What is the crystal structure?

Crystal structure

In the field of chemistry and physics it is important to remember that all matter has mass and that in addition, they can be in different states depending on the temperature and pressure they face. One of these ways in which matter can be found is the crystalline structure , an orderly way and with repeating patterns in which an atom , a molecule or an ion can be found .

Crystal structure |  What is, definition, types, examples |  Metals, non-metals 

What is the crystal structure?

The crystalline structure is a type of solid state in which atoms, molecules or ions can be found, which is mainly characterized by having a high spatial order . It is the corpuscular type architecture that can be observed in bright bodies .

  • Definition of crystal structure
  • Crystal structure of metals
  • Crystal structure of nonmetals
  • Types
  • Importance
  • Examples

Definition of crystal structure

A crystal structure is any structure in ions , molecules or atoms having the capacity to hold together following a provision of such dimensional ordered . This type of structure can also be considered as the highest level in terms of the order that a certain material can have. Furthermore, the crystalline structure is a unique and specific characteristic for a material , in other words, there cannot be a compound that is organized in the same way as another.

It is considered as a type of identification marker for compounds. In this case, the particles are not alone but rather are always interacting with others and therefore constantly consume energy.

Crystal structure of metals

Once the metals have solidified from a molten state , they manage to order themselves in a very peculiar way that is known as a spatial network , a very orderly way in which the particles can be found creating a series of regular, repetitive and also periodic arrangements forming three-dimensional structures .

Metals can become crystallized by acquiring three different types of structures. The first one is centered cubic body , the second hexagonal closed and the last, the closed cube . In all of them, the number of metal atoms will always be quite high.

Crystal structure of nonmetals

The nonmetals are elements found in the upper right of the periodic table and their properties and behavior are very different from those of metals. The structures of non-metals are very different from those of metals. Metals crystallize into tightly packed assemblages that contain no molecules or covalent bonds . The structures of nonmetals have covalent bonds and many of them are made up of individual molecules . the electrons of nonmetals are located in covalent bonds, while in a metal there is a delocalization of electrons throughout the solid.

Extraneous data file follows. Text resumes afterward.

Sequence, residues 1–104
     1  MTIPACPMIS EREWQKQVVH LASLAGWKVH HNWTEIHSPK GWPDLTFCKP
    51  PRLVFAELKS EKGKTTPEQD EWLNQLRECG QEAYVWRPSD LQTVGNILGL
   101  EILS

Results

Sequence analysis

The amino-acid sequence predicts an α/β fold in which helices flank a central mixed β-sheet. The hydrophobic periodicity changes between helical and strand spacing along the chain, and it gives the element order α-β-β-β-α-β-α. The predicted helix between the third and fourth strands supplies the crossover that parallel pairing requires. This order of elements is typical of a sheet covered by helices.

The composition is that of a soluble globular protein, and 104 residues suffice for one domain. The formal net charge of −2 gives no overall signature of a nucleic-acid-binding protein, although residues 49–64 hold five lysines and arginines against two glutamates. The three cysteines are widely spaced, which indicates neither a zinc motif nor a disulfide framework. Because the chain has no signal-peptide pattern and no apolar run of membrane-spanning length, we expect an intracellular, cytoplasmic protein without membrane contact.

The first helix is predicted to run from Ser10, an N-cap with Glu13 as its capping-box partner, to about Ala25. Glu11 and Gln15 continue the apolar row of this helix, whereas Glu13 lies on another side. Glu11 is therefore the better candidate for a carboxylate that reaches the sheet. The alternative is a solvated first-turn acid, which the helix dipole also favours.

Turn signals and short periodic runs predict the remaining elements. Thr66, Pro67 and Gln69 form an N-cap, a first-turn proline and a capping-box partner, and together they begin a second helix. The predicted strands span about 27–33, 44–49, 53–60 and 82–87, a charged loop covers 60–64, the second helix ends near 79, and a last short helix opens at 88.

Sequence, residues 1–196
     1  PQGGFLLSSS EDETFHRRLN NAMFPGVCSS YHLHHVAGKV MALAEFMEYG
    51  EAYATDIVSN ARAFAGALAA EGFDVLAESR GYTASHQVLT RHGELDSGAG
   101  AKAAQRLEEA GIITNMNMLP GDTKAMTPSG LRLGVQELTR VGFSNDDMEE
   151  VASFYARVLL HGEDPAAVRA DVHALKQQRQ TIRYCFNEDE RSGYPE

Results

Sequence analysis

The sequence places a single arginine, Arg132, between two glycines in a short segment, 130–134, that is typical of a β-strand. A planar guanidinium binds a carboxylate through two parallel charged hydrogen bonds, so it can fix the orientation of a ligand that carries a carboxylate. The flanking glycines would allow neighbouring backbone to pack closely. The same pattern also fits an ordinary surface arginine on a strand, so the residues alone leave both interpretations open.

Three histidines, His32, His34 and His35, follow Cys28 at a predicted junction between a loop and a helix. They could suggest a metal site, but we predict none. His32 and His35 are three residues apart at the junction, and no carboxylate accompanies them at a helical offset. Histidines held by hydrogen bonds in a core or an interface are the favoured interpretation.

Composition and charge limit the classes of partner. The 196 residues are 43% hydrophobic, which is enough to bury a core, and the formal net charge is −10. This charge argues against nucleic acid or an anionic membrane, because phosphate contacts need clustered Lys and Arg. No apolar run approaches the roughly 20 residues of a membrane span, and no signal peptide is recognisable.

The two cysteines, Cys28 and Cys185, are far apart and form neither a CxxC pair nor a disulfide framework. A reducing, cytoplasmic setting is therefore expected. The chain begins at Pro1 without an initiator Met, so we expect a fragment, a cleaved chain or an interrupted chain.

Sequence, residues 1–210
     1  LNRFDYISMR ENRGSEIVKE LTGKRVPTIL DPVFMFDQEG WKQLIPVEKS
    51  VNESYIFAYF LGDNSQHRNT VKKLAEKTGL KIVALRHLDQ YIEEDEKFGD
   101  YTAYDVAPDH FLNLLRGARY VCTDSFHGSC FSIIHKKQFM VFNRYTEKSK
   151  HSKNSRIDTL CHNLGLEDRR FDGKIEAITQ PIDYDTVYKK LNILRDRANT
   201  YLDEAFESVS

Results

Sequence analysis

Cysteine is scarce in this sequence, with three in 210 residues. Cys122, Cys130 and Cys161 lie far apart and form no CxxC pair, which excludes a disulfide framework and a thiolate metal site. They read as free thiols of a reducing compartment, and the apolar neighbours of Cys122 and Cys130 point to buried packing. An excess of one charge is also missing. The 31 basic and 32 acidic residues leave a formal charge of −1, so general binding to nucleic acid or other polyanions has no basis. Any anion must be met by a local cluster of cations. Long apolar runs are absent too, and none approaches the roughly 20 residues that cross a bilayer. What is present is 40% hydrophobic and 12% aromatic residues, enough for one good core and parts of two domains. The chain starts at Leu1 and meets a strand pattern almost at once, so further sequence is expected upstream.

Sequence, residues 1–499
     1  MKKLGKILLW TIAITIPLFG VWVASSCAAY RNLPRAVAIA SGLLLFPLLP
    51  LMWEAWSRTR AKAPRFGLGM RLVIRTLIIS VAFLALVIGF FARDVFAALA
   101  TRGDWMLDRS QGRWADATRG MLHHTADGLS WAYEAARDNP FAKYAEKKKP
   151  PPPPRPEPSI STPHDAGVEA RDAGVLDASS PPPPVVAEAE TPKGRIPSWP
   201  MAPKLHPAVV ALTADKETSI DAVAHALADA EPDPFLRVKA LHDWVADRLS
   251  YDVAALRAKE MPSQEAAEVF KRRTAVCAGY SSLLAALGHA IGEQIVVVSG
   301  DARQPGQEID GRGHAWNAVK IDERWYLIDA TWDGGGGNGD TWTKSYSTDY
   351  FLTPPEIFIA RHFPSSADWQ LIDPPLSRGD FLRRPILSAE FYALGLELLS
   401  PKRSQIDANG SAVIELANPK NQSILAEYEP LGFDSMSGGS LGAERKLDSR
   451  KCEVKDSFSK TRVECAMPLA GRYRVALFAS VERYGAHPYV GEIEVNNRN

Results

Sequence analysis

Depending on the function that exists in crystalline systems and the chemical nature of their particles, crystalline structures can be classified as follows:

  • Cubic or isometric : despite their name, they may always have a cube shape so in this type, octahedra (eight faces) and dodecahedra (10 faces) can be found.
  • Tetragonal : they are quite similar to cubic crystals, but differ by being longer along one axis than the other. These types of crystals have the ability to form double pyramids and prisms.
  • Orthorhombic : They can form rhombus-shaped prisms or two joined pyramids, they are not square in their transverse part.
  • Hexagonal : When looking at the edge crystal, the cross section has a prism that has six faces, in other words, it forms a hexagon.
  • Trigonal : These crystals have a unique 3-sided rotation axis instead of the 6-sided axis like the one found in the hexagonal.
  • Triclinics : These crystals are generally not symmetrical from side to side, and this gives them the ability to create some pretty strange shapes.
  • Monoclinic : In general, they can form prisms and double pyramids.


One of the main reasons why understanding the crystal structure is important is because it shows us that it is not only important to understand what elements are in the mineral , but it is also very important to know how those elements are stacked . Moreover, crystal structures have the ability to help determine the arrangement with the atoms within a material determined.

They help to indicate the different lengths of the links and the network parameter that a specific material has. This arrangement is of utmost importance in order to also understand strength and ductility . In addition to ductility, the crystal structure also determines the strength of a material. Crystalline structures composed of point defects have greater strength and hardness compared to pure metals.


Iron crystal structure

Iron is a type of allotropic metal that has the ability to change the crystalline structure always depending on the temperature in which the metal is. When iron atoms can arrange themselves thanks to nucleation mechanisms, they can form a crystalline structure that, when joined to a neighboring group, delimits the limit of the grain. Then, when the temperature drops, the iron manages to modify the crystalline structure, giving rise to alpha iron.

Crystal structure of titanium

Titanium has a type of compact hexagonal crystal structure known as alpha. It can be transformed into a cubic type structure that is located in the center of the body, which is known as beta.

Nickel crystal structure

At room temperature the crystal structure is face-centered-cubic with a base of one nitrogen atom.

Mercury crystal structure

The type of crystalline structure that can be observed in mercury is the rhombohedral type .

Crystal structure of beryllium

The Beryllium is one of the lightest metals and atoms interact with each other to form a structure crystalline hexagonal type where beryllium atoms have six neighbors side and three on the top and bottom.

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